Tricep Dips Form Tips Add Weight? If you can successfully complete sets of 15+ reps with bodyweight then consider adding weight. Increasing resistance is an excellent variable to adjust for continued progression and muscular overload.

List of related literature:

Avoid these common mistakes: using a grip that is too narrow, letting the elbows Squeeze intoo closetothebody instead of flaring out, finishing the exercise with the upper body above parallel to the floor, not arching the low back, and locking the knees.

“Natural Bodybuilding” by John Hansen
from Natural Bodybuilding
by John Hansen
Human Kinetics, 2005

I like Dips because, by bending farther forward or holding yourself straighter, you can change the way the stress hits the muscle even right in the middle of a set.

“The New Encyclopedia of Modern Bodybuilding: The Bible of Bodybuilding, Fully Updated and Revis” by Arnold Schwarzenegger, Bill Dobbins
from The New Encyclopedia of Modern Bodybuilding: The Bible of Bodybuilding, Fully Updated and Revis
by Arnold Schwarzenegger, Bill Dobbins
Simon & Schuster, 2012

It seems so simple: You lie down on the bench, take the bar out of the rack, guide it down to your chest, and then extend your elbows.

“Becoming a Supple Leopard 2nd Edition: The Ultimate Guide to Resolving Pain, Preventing Injury, and Optimizing Athletic Performance” by Kelly Starrett, Glen Cordoza
from Becoming a Supple Leopard 2nd Edition: The Ultimate Guide to Resolving Pain, Preventing Injury, and Optimizing Athletic Performance
by Kelly Starrett, Glen Cordoza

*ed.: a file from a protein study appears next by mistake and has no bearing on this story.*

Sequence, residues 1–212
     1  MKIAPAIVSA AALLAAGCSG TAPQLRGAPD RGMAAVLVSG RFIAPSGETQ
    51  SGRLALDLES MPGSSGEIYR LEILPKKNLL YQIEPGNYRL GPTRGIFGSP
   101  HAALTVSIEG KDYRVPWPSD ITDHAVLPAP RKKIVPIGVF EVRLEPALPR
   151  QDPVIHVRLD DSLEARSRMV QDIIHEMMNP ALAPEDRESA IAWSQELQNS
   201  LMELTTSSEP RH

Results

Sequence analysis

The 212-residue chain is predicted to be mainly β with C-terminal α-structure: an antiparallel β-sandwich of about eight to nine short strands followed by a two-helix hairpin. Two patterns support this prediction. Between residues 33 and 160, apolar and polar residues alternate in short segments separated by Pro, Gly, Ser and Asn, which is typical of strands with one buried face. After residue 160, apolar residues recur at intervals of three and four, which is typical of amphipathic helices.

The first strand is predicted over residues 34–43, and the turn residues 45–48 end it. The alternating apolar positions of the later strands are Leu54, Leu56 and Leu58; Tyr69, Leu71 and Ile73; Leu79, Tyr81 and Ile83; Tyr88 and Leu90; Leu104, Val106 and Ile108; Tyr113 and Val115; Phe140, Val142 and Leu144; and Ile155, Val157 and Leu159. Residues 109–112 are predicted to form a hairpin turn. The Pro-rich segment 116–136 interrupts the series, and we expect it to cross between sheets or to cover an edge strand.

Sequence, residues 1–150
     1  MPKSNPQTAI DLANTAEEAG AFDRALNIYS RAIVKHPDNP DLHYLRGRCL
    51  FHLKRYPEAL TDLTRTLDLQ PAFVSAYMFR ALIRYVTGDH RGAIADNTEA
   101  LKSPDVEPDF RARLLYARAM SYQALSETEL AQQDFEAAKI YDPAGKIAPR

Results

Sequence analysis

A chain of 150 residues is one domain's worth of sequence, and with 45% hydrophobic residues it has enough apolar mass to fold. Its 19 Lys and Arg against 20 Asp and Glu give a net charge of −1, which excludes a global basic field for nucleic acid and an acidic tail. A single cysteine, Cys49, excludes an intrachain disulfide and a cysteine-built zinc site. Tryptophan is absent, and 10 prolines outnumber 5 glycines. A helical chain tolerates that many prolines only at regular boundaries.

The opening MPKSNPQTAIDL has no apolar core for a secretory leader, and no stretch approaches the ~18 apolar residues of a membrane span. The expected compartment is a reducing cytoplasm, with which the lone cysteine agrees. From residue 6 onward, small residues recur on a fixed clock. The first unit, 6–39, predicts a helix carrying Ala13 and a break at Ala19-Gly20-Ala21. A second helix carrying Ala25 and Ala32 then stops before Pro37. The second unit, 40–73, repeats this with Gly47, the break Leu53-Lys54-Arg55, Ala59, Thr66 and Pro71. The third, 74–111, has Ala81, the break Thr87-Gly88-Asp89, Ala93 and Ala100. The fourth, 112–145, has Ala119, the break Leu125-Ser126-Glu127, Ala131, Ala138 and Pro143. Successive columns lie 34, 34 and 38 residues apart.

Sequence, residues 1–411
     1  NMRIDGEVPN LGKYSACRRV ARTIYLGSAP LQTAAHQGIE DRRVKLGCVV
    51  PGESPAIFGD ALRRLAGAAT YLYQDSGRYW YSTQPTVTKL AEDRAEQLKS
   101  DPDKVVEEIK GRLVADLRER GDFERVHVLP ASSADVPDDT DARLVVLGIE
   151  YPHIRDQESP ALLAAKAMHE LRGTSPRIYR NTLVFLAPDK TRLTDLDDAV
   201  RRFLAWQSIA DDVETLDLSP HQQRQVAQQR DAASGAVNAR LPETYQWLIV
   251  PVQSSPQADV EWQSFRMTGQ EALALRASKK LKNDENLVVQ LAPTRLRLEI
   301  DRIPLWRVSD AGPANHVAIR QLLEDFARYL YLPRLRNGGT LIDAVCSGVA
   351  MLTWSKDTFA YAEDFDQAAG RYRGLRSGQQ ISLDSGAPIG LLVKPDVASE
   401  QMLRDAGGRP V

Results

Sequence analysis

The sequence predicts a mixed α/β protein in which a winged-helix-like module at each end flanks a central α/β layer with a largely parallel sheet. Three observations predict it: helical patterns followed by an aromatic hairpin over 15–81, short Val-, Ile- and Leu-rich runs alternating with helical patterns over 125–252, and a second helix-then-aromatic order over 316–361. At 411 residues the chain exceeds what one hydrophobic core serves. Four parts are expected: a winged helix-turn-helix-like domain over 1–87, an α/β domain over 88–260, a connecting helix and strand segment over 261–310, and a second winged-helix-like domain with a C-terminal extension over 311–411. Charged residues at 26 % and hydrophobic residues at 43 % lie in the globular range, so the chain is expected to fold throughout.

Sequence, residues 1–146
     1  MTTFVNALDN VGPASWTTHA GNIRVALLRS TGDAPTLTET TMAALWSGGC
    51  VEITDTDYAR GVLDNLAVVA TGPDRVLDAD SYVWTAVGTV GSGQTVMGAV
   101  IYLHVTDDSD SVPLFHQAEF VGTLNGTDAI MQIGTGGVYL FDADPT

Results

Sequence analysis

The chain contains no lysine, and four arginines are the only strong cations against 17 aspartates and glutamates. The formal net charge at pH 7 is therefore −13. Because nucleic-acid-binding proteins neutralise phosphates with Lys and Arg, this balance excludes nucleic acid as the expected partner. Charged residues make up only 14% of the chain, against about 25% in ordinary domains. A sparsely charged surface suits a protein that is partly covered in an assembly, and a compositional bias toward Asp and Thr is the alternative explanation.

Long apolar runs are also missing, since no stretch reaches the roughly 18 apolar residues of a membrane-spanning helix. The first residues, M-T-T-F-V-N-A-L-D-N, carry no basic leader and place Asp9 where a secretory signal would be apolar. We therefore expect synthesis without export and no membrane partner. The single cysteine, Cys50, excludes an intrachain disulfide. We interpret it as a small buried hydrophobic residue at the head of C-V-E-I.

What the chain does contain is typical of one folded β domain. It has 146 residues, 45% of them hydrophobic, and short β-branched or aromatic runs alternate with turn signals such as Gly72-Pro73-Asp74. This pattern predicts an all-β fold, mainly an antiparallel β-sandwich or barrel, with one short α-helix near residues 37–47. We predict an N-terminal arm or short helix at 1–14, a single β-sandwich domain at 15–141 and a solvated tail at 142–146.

Victory Belt Publishing, 2015

For example, in the bench press and overhead press, the elbows need to be straight at the end of the concentric repetition phase.

“Optimizing Strength Training: Designing Nonlinear Periodization Workouts” by William J. Kraemer, Steven J. Fleck
from Optimizing Strength Training: Designing Nonlinear Periodization Workouts
by William J. Kraemer, Steven J. Fleck
Human Kinetics, 2007

Also, focus on keeping the elbows straight and pressing the legs slightly away to prevent the legs from coming closer toward the chest, particularly during the roll-back in step 2.

“Pilates Anatomy” by Rael Isacowitz, Karen S. Clippinger
from Pilates Anatomy
by Rael Isacowitz, Karen S. Clippinger
Human Kinetics, 2019

To recap: place the feet and grip shoulder-width apart, grip the bar like the bench press, keep the back neutral, descend straight to the clavicles, tilt the head back while looking forward, raise the bar along the same path, shift the torso forward slightly, squeeze the glutes, and lock out.

“Thinner Leaner Stronger: The Simple Science of Building the Ultimate Female Body” by Michael Matthews
from Thinner Leaner Stronger: The Simple Science of Building the Ultimate Female Body
by Michael Matthews